Climate change can result in devastating property issues

by Roxanne Libatique20 Aug 2019

Experts have said that climate change can result in devastating property issues – including mortgage rates, Newshub reports.

According to a new report, rise in global sea level could have some devastating impacts on Kiwis as even a one-metre increase could cost the country a whopping $34 billion in both commercial and residential building damages.

Dr. Rob Bell, principal scientist at the National Institute of Water and Atmospheric Research (NIWA), warned that issues with getting insurance or mortgage are a lot closer even though sea levels might still take years to rise.

Read more: Government needs to invest in infrastructure while rates are low

Tim Grafton, chief executive officer at Insurance Council of New Zealand, also aired his concerns about impending property issues – including whether banks would still grant a long-term mortgage as climate change gets worse.

“What I will expect to see long before the water is lapping around the house is that the bank will say, 'our mortgage is for five or 10 or 15 years, it's not for 20 or 30 years’. As soon as you shorten the term of a mortgage, the number of people who can afford that diminishes,” Grafton told Newshub.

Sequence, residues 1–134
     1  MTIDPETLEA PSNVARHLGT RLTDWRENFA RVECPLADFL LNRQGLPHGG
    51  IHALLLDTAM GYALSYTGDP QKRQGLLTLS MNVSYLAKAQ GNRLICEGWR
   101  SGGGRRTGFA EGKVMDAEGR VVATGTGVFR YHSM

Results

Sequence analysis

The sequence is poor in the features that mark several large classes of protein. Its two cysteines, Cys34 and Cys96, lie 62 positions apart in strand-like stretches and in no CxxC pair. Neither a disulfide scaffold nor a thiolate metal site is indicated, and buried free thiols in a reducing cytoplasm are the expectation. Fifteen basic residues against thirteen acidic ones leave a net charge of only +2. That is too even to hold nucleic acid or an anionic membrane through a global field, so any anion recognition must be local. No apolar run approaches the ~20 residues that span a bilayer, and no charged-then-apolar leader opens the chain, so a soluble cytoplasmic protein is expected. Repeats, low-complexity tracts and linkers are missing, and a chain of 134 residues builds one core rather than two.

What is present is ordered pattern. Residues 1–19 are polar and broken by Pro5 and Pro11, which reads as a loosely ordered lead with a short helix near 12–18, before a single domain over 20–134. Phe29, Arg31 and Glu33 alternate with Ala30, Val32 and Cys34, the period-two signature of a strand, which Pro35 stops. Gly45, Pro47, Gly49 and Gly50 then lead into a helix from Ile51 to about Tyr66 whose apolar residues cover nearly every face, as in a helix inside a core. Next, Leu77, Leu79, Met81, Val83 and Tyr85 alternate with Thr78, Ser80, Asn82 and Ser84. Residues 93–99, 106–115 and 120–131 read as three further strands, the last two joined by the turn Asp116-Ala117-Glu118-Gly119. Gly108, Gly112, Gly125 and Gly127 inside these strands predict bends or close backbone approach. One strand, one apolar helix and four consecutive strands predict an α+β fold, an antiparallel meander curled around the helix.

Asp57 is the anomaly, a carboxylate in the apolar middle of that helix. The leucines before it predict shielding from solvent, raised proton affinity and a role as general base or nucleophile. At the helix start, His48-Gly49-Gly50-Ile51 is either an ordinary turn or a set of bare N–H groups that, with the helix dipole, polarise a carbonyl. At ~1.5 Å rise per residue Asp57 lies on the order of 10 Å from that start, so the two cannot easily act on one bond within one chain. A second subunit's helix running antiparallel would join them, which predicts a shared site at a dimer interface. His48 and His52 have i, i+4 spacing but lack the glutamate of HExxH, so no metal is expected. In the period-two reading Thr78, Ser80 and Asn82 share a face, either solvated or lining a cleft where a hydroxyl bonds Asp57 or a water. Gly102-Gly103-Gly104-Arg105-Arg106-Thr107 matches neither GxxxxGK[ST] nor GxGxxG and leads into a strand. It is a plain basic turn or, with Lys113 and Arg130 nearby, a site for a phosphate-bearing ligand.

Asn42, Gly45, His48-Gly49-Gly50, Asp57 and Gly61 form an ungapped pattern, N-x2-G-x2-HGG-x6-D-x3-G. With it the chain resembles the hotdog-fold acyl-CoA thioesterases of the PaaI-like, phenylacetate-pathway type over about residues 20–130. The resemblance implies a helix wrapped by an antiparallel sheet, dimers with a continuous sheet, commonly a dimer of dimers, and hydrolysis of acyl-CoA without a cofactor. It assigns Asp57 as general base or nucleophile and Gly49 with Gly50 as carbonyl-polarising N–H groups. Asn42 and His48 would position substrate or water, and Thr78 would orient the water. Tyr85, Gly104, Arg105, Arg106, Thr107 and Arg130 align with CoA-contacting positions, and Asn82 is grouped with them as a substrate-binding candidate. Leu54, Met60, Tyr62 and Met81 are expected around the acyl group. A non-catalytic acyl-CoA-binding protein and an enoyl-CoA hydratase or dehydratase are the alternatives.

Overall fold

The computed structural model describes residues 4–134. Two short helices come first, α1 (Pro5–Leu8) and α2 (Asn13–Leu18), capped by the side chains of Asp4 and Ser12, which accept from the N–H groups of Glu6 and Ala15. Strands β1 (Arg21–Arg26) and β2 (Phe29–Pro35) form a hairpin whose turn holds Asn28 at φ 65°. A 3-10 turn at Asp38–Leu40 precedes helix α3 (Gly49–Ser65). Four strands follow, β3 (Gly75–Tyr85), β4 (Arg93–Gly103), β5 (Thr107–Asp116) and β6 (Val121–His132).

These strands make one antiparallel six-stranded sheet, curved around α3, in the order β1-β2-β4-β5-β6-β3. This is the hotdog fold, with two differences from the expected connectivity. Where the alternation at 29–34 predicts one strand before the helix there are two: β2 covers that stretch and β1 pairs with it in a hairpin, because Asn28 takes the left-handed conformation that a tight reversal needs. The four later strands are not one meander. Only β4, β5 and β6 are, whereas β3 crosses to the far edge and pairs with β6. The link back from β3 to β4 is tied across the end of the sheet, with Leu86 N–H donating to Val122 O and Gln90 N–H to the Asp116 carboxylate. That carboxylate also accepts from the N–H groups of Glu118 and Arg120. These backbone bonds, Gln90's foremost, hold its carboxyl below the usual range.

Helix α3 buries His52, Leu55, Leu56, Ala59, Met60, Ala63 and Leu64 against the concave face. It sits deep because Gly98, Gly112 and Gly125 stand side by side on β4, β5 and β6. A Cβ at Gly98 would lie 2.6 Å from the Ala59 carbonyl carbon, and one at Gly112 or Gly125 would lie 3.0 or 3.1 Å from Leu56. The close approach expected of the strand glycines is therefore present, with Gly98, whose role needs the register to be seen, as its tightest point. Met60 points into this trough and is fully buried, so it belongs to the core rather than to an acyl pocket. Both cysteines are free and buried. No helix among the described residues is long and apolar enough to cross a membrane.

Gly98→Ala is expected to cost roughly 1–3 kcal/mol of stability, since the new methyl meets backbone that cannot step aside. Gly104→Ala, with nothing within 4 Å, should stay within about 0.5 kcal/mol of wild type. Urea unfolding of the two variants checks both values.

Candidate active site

He added that brokers and people who want to buy coastal properties should be aware of any problems they may face in the future.

"I don't think people should be panicked, but I think there is a very clear realisation by people who live on coastal communities that there is an ever-growing risk around sea-level rise and climate change. There inevitably will be places in New Zealand where getting insurance is not going to be possible,” he said.

Roger Beaumont, chief executive at New Zealand Bankers’ Association, confirmed that banks might shorten mortgage for at-risk properties and won’t approve a home loan without insurance.

“It's quite possible that in time banks could require more equity or shorter-term mortgages when considering lending on potentially affected coastal properties,” Beaumont told Newshub.

Most Read

NZ Adviser TV